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Earth Materials and Human Health

Task 3—Using imaging, field and laboratory spectroscopy to map and analyze asbestiform non-asbestiform mineral dust, wildfire smoke, and oil plumes

Task Chief: Gregg Swayze

This task investigated the spectral properties of mineral dusts and their source rocks to a) determine the detection limits of field and laboratory spectroscopy techniques for various minerals that form asbestiform and nonasbestiform varieties, and b) determine if spectral signatures of the dusts and/or the source rocks can be used to remotely identify and map the distribution of naturally-occurring asbestos. Work in collaboration with geologists from the California Geological Survey provided very useful results that help distinguished the spatial distribution of potential asbestos-forming minerals in areas underlain by serpentinite rocks in El Dorado and Plumas Counties.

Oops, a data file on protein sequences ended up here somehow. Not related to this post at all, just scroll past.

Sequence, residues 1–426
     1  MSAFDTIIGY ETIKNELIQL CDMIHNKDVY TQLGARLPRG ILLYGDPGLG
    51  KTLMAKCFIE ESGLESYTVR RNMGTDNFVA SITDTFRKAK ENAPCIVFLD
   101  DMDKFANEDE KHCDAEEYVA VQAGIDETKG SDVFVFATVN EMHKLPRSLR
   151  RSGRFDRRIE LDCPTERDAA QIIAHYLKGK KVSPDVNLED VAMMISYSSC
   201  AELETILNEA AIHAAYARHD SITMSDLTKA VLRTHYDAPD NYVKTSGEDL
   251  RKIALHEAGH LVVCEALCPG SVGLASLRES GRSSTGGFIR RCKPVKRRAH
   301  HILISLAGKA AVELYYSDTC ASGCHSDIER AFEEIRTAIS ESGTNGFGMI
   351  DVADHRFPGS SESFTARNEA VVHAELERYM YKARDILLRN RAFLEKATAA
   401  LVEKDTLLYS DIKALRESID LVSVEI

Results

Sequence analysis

The task also investigated spectral signatures of a variety of other earth materials, including dusts from building collapses, dusts from dry lake beds, soils, bacteria-containing materials, and gases. The goal was to test if spectral remote sensing methods could be developed to detect and map a wide variety of potentially hazardous minerals, compounds, and pathogens in the environment.

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